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Stateside: Enbridge Energy's eminent domain issue

In 2010, oil spilled into a creek near the Kalamazoo River from Enbridge Line 6b
Steve Carmody
Michigan Radio
Crews working this summer to collect to oil in the Kalamazoo River near Battle Creek.

Enbridge Energy is replacing one of its key pipelines that runs through  Michigan. Nearly 285 miles of new pipeline is required to replace the ruptured  line that caused an oil spill in July 2010.

Enbridge took homeowners to court in numerous eminent domain conflicts.

To further address the issue of eminent domain, we spoke with Avery Williams and Alan Ackerman. Williams provides land acquisition advice for Detroit and Ackerman represents displaced persons and businesses in court.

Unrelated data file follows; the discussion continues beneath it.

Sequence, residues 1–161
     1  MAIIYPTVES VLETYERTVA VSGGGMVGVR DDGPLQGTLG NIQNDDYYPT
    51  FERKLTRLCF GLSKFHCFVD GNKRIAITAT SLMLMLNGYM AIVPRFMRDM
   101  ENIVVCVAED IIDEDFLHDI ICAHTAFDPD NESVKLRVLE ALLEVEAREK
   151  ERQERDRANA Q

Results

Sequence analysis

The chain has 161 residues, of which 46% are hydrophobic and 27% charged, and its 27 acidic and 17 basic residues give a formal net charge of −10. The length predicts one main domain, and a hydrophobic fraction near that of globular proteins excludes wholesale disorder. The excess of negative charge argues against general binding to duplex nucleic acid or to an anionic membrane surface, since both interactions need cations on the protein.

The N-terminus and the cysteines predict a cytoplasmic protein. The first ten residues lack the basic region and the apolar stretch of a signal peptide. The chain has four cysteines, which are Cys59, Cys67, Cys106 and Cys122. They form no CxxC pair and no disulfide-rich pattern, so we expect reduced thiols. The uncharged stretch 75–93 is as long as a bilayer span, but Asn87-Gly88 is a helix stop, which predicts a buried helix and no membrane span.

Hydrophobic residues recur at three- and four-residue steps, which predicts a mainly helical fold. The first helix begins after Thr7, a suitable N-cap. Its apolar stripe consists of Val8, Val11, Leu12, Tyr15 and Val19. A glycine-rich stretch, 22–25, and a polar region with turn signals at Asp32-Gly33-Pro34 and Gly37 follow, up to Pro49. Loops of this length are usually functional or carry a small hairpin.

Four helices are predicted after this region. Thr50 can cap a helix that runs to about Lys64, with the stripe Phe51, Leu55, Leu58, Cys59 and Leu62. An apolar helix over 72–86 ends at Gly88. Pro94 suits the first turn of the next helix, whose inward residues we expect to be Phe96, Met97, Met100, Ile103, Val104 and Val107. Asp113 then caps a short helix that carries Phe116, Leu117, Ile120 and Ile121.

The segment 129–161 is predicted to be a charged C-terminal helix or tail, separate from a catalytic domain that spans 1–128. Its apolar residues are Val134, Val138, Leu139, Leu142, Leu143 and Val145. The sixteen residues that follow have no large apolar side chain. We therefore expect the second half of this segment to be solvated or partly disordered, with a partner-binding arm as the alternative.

“Basically, the law of the state remains that if there is a public use, the government has right to acquire private property as long as it pay just compensation. The property is owner is not required to the ‘good-faith’ offer and then the condemning authority can go to court. Property owners have the right to challenge the determination of public use and where the project was sited,” said Williams.

“There is an underlying reality that public uses are subject to some regulatory agent and they control the rates,” said Ackerman.

“What drives the power of eminent domain is the determination of what is essential for the government and public,” said Williams.

For more of the guests's comments on eminent domain, check out our podcast.

There are two ways you can podcast "Stateside with Cynthia Canty"